Thus, Russia’s transformation into a state that competes against American influence in the region faces several challenges which include:
The first challenge is the position of the countries of the region in relations with Russia, which vary based on interests of each.
However, they do not yet adopt policies that deal with Russia as an alternative to the US and thus prefer balance in their relations with Washington and Moscow by adopting strict positions on regional issues, leading to a clear bias toward Russian or American policies, which limits any expansion of Russian activity in the region.
The second challenge is the unpopularity of Russian perceptions of “color revolutions” between the “ruling elites in revolutionary countries” and the forces of the street, especially as these elites were supported by the forces of the street, whose importance is growing in the Middle East.
The third challenge concerns the extent to which Russia’s influence in the region will have a significant impact on the regional roles of the region.
If the United States were to implement its policies in the region in 2011, Qatar, Turkey and the Muslim Brotherhood, Russia will seek to enable certain actors to play more active roles in the region and those which are consistent with its policies, such as Iran, without paying attention to the perceptions of the Gulf states, especially Saudi Arabia, concerning Iran and its regional role.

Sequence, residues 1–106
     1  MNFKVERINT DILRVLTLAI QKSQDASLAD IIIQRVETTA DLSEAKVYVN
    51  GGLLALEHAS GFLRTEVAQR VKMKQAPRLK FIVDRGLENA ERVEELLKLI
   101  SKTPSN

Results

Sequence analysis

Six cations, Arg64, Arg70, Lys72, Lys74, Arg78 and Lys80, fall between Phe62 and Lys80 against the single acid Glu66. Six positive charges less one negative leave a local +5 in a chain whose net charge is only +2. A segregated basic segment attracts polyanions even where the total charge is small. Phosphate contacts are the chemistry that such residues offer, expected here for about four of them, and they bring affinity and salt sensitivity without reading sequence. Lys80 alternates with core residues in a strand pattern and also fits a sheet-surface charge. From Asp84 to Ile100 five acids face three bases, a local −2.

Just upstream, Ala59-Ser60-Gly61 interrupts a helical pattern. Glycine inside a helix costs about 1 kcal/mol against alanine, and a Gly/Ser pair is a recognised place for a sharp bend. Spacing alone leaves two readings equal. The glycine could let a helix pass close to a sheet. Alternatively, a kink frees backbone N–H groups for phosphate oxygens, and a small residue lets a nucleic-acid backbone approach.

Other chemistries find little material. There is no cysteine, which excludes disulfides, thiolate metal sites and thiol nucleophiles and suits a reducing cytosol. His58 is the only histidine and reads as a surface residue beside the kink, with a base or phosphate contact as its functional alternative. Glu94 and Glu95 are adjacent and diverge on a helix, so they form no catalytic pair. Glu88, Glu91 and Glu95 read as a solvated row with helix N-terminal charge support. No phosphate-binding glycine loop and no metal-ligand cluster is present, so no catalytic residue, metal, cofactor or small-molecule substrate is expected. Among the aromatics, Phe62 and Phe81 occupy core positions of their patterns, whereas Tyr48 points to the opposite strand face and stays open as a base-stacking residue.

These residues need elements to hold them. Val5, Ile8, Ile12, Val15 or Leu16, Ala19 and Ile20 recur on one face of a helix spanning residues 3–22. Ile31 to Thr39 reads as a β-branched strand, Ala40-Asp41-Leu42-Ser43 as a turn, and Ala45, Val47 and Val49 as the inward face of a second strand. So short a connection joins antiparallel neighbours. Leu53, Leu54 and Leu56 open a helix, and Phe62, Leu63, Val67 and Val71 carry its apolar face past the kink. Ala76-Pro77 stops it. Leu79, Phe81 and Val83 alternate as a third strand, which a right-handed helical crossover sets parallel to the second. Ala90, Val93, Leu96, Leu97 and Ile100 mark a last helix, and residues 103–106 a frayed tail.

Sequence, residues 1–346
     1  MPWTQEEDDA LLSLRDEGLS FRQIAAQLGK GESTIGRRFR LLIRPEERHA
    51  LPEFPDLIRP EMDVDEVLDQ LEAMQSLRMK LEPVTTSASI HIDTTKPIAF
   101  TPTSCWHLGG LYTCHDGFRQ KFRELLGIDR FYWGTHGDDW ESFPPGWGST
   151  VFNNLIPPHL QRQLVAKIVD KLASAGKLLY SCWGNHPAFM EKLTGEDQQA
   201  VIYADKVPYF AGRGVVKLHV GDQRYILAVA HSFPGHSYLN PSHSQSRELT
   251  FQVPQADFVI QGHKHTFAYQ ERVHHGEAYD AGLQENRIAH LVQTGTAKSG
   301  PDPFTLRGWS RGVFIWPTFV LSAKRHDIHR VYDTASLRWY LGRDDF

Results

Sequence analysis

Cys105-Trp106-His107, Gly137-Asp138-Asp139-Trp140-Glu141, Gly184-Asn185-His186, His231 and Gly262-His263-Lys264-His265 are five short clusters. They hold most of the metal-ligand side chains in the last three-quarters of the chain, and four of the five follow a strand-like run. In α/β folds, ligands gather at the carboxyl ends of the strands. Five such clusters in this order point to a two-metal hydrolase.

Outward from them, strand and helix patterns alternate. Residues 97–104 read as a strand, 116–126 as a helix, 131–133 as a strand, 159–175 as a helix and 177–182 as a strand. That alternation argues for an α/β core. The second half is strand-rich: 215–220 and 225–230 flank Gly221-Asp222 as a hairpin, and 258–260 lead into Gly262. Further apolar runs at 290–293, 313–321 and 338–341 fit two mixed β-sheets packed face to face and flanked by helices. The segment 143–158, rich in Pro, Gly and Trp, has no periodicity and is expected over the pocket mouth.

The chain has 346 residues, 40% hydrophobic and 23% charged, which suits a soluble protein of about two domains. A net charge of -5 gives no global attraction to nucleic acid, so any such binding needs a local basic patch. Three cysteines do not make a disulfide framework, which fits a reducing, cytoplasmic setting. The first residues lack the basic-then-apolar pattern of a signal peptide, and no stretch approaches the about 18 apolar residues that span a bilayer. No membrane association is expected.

Russia knows that the US seeks to allow it to expand in the world in order to reach a point where it cannot control its area of influence before targeting the plains of Central Europe close to Russia to Siberia, the Mediterranean countries and South Asia as well as Eurasia where Russia has heavy presence. If the US dominates any of these areas, the Russian Federation would be at risk and the Russian bear would weaken.
The slow motion US policy
All the great advances that Russia made in the Middle East, both politically and militarily, were met with a very negative and slow response from the Obama administration. The US administration seemed surprised by Russian moves and showed no response except to announce its intention to intervene militarily in Syria in 2014, a proposal quickly retreated from exposing itself to strong criticism.
These slow and hesitant responses encouraged the Russian government to continue to strengthen its influence in the Middle East, especially in the run-up to the US elections and the arrival of a new administration to the White House.
The new administration, headed by Donald Trump, is often more vibrant with regard to the Middle East, in a purely economic sense, especially because of his business background. His new policy will be driven mostly by capital investments in the US.
Donald Trump and his administration have to be more responsive and quick to deal with the great Russian expansion in the Middle East, try to restore strong ties with countries such as Turkey as well as protect their strong ties with the Gulf states including Qatar.
Otherwise, the US may experience an unprecedented decline in its influence in the Middle East conflict. The Middle East has historically been one of the great ambitions of the big powers as the region is a key area of influence.
Thus, Syria has become a real battlefield between the US, the most powerful country in the region, and its allies on one side and Russia and its allies on the other. The Russian bear has relatively succeeded in dissolving the pro-American bloc, especially in the light of the new alliances that are taking shape in the region.
Shehab Al-Makahleh is Director of Geostrategic Media Center, senior media and political analyst in the Middle East, adviser to many international consultancies. He can be reached at: @shehabmakahleh and @Geostrat_ME.